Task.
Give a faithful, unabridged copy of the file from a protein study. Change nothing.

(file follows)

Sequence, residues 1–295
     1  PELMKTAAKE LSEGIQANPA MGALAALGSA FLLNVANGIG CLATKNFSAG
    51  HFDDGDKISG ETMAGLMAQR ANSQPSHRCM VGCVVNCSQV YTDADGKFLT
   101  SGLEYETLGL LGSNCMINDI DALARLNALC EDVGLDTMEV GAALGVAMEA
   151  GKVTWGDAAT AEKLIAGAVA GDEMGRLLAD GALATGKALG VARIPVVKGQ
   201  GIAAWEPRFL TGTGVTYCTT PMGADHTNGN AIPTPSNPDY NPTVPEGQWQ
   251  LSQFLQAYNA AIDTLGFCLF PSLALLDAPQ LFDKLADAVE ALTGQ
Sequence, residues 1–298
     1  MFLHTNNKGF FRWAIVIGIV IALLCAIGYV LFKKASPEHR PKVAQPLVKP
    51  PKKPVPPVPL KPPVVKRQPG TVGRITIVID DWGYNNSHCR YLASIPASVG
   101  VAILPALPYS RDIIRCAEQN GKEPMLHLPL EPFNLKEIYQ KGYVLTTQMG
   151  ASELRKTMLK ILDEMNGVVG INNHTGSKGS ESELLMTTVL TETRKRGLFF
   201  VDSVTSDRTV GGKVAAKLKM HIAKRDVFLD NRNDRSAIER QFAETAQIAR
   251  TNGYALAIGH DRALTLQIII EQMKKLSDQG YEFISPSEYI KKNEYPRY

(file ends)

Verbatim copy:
Sequence, residues 1–295
     1  PELMKTAAKE LSEGIQANPA MGALAALGSA FLLNVANGIG CLATKNFSAG
    51  HFDDGDKISG ETMAGLMAQR ANSQPSHRCM VGCVVNCSQV YTDADGKFLT
   101  SGLEYETLGL LGSNCMINDI DALARLNALC EDVGLDTMEV GAALGVAMEA
   151  GKVTWGDAAT AEKLIAGAVA GDEMGRLLAD GALATGKALG VARIPVVKGQ
   201  GIAAWEPRFL TGTGVTYCTT PMGADHTNGN AIPTPSNPDY NPTVPEGQWQ
   251  LSQFLQAYNA AIDTLGFCLF PSLALLDAPQ LFDKLADAVE ALTGQ
Sequence, residues 1–298
     1  MFLHTNNKGF FRWAIVIGIV IALLCAIGYV LFKKASPEHR PKVAQPLVKP
    51  PKKPVPPVPL KPPVVKRQPG TVGRITIVID DWGYNNSHCR YLASIPASVG
   101  VAILPALPYS RDIIRCAEQN GKEPMLHLPL EPFNLKEIYQ KGYVLTTQMG
   151  ASELRKTMLK ILDEMNGVVG INNHTGSKGS ESELLMTTVL TETRKRGLFF
   201  VDSVTSDRTV GGKVAAKLKM HIAKRDVFLD NRNDRSAIER QFAETAQIAR
   251  TNGYALAIGH DRALTLQIII EQMKKLSDQG YEFISPSEYI KKNEYPRY